I hate Christian cliches. With a passion. I really do. Few people have seen me more frustrated than when I talk about “pop Christianity”. I mean, potpourri at a Christian book store? “Testa-mints?” Really? Ugh.
Anyway, one of my big soapboxes is the misappropriation of the language Evangelicals use in relation to how the Bible describes things. The Bible never says “accept Jesus into your heart”, Jesus never gives an altar call, and Jesus never “knocks on the door of your heart” (that passage in Revelation is referring to Jesus knocking on the door of a church, not a heart).
One of my biggest frustrations was pounded into me by a good friend and minster. It was the use of “disciple” as a verb. As in “I am discipling him” or “I am being discipled by her”. I and my friends have often responded in an outcry of the Bible never uses disciple as a verb! You don’t ‘disciple’ anyone, you make disciples of Jesus!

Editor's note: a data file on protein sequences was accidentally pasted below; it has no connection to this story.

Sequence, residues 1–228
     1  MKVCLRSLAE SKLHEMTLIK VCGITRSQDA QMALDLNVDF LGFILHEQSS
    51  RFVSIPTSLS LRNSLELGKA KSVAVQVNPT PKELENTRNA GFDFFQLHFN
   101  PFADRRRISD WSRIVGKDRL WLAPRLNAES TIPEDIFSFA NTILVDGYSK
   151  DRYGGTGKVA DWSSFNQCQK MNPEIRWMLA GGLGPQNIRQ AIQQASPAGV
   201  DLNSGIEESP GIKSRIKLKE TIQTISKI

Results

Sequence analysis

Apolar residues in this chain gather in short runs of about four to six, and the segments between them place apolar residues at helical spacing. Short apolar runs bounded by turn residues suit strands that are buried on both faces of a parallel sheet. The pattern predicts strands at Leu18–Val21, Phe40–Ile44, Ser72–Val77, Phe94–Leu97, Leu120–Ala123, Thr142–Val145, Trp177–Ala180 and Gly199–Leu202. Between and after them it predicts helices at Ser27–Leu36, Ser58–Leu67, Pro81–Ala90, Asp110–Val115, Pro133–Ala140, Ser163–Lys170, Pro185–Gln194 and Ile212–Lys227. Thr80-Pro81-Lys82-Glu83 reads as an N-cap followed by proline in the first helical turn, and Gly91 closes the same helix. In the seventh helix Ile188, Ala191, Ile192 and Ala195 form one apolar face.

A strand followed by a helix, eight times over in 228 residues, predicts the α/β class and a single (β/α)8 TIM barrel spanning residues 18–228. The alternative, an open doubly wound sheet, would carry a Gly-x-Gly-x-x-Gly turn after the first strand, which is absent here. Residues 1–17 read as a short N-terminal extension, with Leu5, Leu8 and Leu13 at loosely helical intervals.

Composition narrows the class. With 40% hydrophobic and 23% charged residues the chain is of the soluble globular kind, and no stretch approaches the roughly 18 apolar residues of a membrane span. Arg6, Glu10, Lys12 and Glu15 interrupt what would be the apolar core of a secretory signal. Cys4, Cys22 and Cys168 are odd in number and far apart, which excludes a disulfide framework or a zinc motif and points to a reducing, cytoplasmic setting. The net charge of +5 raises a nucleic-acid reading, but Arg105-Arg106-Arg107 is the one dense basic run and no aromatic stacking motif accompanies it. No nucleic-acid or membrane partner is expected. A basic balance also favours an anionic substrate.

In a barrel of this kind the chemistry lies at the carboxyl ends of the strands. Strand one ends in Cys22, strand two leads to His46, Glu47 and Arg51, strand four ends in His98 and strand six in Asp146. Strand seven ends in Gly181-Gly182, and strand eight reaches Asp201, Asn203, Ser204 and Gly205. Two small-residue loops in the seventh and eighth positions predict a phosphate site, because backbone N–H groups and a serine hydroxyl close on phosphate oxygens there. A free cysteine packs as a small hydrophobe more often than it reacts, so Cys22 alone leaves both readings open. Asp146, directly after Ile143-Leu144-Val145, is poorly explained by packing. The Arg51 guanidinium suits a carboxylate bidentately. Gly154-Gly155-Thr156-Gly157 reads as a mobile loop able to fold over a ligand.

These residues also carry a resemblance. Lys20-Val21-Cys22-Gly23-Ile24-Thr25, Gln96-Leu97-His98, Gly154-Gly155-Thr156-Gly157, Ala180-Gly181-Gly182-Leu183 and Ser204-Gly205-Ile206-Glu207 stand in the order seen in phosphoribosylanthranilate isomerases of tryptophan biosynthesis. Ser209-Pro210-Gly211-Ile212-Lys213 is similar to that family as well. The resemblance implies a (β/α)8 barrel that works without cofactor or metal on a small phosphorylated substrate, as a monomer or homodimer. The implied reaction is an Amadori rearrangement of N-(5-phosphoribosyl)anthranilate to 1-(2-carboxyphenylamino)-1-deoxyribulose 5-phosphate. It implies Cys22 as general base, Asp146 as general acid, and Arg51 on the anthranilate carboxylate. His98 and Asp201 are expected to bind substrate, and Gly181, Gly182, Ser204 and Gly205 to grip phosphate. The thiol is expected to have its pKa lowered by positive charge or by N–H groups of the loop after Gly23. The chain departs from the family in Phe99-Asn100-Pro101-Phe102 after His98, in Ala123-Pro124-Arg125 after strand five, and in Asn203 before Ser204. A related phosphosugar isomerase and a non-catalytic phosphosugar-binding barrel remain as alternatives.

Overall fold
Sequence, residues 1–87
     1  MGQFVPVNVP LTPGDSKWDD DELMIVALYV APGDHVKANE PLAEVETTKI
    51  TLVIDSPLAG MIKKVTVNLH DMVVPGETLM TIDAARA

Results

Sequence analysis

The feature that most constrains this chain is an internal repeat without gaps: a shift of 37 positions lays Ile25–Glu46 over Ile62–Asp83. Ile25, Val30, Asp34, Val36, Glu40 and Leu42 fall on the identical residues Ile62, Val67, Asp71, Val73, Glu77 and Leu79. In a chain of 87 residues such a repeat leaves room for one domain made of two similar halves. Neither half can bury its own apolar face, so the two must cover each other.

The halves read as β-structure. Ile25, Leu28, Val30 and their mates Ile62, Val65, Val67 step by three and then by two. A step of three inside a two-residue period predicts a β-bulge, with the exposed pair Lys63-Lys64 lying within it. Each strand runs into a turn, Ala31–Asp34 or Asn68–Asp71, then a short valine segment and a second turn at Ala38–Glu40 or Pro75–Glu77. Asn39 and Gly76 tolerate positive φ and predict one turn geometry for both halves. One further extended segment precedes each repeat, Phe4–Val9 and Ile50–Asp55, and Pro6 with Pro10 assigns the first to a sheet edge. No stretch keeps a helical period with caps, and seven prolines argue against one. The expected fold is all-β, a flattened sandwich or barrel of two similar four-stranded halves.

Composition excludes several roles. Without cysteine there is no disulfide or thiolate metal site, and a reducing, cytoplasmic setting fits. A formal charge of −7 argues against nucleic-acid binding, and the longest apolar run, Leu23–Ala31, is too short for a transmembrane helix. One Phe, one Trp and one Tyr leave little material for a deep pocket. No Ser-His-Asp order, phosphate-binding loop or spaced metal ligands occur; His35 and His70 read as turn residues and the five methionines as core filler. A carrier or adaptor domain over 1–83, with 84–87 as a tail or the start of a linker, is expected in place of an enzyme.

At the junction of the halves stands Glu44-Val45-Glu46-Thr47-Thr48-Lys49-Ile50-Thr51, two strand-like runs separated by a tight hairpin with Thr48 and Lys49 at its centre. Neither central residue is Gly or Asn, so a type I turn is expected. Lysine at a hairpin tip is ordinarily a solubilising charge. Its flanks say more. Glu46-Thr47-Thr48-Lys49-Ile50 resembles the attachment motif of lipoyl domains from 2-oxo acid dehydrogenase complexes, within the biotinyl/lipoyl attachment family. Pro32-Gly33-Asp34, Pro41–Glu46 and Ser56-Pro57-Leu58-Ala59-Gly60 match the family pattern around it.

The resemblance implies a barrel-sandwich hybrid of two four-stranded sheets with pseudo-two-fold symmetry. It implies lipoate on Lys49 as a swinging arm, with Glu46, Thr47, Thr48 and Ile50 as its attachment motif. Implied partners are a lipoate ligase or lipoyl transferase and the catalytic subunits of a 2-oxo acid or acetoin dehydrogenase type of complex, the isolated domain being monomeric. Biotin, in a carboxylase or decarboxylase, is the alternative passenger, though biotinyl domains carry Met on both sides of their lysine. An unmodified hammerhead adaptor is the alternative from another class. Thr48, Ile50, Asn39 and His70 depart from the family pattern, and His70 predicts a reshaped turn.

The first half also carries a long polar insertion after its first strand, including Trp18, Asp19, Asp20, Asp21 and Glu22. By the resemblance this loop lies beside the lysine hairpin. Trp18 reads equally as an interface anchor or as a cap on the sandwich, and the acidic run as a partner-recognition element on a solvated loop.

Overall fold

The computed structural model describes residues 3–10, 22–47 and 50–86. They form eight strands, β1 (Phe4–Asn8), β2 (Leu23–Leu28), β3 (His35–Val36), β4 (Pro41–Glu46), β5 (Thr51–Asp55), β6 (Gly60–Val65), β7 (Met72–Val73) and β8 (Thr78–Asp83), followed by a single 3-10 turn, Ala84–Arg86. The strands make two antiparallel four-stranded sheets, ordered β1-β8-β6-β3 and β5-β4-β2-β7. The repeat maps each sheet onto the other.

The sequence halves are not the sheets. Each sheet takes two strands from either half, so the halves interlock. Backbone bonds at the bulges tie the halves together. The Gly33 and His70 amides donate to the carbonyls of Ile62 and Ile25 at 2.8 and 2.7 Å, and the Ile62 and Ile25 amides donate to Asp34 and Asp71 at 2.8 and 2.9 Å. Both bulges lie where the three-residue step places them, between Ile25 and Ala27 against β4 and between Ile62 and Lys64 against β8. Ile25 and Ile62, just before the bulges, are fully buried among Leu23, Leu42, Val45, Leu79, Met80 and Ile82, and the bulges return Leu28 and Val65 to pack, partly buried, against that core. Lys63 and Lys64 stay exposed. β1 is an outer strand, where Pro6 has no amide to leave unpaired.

Enter, Greek. In Greek class a couple of days ago we were studying the imperative mood of verbs. Well, sure enough, as is often the case, God took this moment to show me my pride and assumptions. In the famous Matthew 28:19 phrase “make disciples of all nations” that verb for “make disciples” is the 2 plural aorist imperative verb μαθητευσατε (matheteusate). This is the verb form of the noun μαθητης (mathetes) meaning “disciple”. The “make” is added by translators to stress the imperative/command sense. It literally means “to disciple”. It’s not two separate words for “make” and “disciple”.
So, I need to repent to all those I’ve been frustrated with for using the phrase. I also need to repent for talking bad about Jesus’ Bride and not trusting the Spirit of God to sanctify God’s Church, even in their pop culture and language.
until God’s next Sovereign moment of humbling,